Books

REVIEW | 'THE SAGA OF MARTIN SHANNON' Marion author takes interesting spin on history, immigration

Robert Buckley of Marion has parlayed retirement into a pretty good career as a writer.

“The Saga of Martin Shannon” (Irish Enterprises, 247 pages, $15) is the former advertising executive’s sixth book since entering his writer’s phase with “The Slave Tag” in 2011. This is his fourth novel; two of his books have chronicled his travels as a retiree.

But all six self-published books share a common trait. Buckley is a fine storyteller. He crafts characters a reader cares about — even when the main character is Robert Buckley world traveler. He’s grown as an author in the course of writing six books, constructing a more complete novel format now than he did in his earlier work. But the storytelling ability was there from the start, and it’s continued to flourish.

“The Saga of Martin Shannon” begins in post-potato famine Ireland, where 16-year-old Martin is poised to join the long list of youngsters shipped off to America by their parents in pursuit of a brighter future. He’s accompanied on the 1860 journey by Brennan Brogan, 21, and Brennan’s sister Mary, 15.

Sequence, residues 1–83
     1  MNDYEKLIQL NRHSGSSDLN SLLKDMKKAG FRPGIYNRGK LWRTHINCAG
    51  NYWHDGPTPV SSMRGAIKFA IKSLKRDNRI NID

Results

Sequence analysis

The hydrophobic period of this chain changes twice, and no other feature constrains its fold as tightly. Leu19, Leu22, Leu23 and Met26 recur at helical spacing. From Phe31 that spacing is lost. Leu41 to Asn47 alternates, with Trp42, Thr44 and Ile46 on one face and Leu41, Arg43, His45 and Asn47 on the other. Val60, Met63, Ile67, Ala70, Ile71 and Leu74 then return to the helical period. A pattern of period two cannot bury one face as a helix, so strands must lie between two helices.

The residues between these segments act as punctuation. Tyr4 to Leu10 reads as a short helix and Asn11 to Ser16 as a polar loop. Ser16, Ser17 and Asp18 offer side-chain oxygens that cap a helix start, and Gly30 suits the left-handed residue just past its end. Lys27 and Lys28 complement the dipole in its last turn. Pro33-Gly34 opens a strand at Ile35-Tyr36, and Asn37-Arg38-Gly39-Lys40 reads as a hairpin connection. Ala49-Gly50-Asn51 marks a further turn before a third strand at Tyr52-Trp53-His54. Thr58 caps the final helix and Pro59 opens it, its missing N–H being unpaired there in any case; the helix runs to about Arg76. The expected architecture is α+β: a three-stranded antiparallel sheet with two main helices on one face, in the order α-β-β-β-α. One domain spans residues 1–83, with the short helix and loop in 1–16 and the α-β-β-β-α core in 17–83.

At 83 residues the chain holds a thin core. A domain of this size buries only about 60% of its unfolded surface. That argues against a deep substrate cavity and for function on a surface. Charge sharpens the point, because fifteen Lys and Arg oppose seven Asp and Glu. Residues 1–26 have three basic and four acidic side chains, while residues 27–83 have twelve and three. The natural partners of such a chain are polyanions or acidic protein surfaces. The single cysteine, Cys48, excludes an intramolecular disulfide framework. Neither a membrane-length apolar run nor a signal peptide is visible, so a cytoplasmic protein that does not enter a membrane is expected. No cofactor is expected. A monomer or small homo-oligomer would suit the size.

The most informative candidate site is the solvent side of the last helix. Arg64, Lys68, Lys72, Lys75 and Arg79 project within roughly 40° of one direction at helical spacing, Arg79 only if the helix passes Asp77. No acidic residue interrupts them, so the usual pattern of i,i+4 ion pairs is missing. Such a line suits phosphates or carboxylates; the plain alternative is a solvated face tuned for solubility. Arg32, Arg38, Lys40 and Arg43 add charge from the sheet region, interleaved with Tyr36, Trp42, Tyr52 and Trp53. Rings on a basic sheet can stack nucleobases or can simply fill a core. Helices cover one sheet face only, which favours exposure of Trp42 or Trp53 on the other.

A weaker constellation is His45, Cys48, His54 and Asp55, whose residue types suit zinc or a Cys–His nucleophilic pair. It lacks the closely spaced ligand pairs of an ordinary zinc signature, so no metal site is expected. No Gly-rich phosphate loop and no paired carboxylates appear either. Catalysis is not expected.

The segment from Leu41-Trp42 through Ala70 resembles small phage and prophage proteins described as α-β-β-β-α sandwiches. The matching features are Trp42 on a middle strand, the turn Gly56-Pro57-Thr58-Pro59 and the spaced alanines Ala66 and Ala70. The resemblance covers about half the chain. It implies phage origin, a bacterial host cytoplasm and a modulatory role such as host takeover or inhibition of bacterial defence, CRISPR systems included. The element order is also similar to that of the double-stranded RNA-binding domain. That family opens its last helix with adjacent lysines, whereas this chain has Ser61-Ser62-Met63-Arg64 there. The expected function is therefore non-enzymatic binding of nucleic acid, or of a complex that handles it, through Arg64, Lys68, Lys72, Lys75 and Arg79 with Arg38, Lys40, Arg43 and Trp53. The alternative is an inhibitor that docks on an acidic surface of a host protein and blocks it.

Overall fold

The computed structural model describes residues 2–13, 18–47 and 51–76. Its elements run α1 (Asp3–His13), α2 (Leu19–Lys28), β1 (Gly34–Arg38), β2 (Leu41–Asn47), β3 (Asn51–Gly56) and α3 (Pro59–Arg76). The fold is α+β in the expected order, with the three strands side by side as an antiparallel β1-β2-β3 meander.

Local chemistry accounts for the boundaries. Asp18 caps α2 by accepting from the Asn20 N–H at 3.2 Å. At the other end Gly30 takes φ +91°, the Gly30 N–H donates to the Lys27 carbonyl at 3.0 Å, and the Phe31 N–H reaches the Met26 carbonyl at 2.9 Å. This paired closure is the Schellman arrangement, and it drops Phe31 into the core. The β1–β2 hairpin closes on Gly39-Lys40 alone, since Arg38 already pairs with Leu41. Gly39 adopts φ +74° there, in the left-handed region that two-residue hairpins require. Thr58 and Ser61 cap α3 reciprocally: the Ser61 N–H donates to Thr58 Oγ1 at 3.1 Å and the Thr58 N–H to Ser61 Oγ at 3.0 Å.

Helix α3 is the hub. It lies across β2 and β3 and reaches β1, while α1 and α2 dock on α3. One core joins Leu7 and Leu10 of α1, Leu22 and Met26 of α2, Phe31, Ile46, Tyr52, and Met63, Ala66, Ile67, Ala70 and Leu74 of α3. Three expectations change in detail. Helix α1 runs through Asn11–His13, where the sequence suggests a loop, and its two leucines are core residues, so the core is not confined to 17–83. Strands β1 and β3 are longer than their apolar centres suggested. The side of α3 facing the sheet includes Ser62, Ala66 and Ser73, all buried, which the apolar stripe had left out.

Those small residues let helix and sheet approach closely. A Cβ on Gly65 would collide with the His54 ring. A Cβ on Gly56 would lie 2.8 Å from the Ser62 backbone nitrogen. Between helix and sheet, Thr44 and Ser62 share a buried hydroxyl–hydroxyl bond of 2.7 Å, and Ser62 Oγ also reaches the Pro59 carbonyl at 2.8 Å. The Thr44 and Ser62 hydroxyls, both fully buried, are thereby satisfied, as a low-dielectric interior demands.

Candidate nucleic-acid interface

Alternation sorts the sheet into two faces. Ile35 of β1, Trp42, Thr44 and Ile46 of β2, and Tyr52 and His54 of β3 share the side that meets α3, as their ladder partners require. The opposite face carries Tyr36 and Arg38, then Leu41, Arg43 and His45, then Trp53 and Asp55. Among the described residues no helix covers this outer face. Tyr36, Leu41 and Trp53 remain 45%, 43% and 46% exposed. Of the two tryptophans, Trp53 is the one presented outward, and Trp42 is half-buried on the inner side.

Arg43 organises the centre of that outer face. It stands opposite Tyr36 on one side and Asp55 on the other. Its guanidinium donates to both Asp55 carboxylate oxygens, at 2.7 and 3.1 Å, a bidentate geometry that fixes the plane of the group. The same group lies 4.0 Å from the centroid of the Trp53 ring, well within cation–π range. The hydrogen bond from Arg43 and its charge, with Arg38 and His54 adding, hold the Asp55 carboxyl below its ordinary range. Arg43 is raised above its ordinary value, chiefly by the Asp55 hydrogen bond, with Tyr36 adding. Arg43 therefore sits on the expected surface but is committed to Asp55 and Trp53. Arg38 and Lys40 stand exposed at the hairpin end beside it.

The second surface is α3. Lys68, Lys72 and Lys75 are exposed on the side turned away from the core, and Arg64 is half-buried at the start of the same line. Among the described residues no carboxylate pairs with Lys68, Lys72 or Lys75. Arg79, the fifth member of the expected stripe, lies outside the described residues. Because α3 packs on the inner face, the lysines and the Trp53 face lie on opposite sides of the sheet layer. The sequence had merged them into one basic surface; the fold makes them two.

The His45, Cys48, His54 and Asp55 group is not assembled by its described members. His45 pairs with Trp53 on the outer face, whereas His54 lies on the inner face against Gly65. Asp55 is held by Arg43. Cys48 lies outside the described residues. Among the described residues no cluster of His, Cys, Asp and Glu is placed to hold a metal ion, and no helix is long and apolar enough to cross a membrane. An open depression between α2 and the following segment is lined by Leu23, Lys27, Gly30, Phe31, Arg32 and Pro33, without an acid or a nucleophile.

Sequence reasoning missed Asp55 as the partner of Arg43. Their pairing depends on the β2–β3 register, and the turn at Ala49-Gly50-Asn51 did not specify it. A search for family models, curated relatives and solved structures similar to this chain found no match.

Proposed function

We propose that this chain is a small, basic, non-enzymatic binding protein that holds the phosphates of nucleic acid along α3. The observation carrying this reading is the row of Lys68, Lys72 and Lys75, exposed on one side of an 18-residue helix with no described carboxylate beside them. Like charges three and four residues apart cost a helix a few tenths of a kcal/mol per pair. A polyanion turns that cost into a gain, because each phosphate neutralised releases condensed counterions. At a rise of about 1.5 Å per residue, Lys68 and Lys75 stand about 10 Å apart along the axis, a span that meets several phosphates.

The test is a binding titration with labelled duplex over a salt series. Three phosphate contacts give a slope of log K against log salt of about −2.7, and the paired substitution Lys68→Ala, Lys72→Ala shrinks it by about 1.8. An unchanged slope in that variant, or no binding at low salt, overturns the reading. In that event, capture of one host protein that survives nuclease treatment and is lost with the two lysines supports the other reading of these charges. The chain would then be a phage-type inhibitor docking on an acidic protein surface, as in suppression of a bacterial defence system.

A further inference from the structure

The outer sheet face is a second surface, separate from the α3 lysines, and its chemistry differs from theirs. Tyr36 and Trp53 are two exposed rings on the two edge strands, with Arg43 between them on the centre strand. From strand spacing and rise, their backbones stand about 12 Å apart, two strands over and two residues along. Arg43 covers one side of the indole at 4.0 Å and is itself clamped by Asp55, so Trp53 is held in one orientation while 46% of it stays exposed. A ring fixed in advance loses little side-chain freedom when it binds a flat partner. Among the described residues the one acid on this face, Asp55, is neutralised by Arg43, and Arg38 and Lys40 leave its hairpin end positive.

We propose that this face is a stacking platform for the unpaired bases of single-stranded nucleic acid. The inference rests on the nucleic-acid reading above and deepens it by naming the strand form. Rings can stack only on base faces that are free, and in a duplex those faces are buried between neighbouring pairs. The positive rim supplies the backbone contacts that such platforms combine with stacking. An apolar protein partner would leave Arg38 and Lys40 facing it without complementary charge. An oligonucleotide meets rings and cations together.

Brennan doesn’t survive the trip, so it becomes Martin’s responsibility to safely negotiate the rough passage and arrival in New York with Mary and wee lass Lily, who they’ve taken under their wings. They manage to make it to Chicago and settle in with Mary’s relatives while planning the last stage of the trek to Dubuque, Iowa, where Mary’s brother lives.

Life goes well in Dubuque until Martin is compelled to enlist in the 8th Iowa Volunteer Infantry for a six-month stint in the Civil War. Six months stretch to more, and Martin’s war experience — and more notably post-war experience — prove to be the meat of Buckley’s novel. He plots a well-crafted narrative that whisks the reader along, although he stretches the credulity of artistic license with a Voodoo element of the proceedings.

But nonetheless, Buckley offers his readers another most satisfying experience. It’s a quick read that offers a firm grasp on history and a delightful spin on the immigration experience.

The book is available as an ebook or in print format at amazon.com. Copies are available at Next Page Books in Cedar Rapids or from the author (autographed, repb35@gmail.com).

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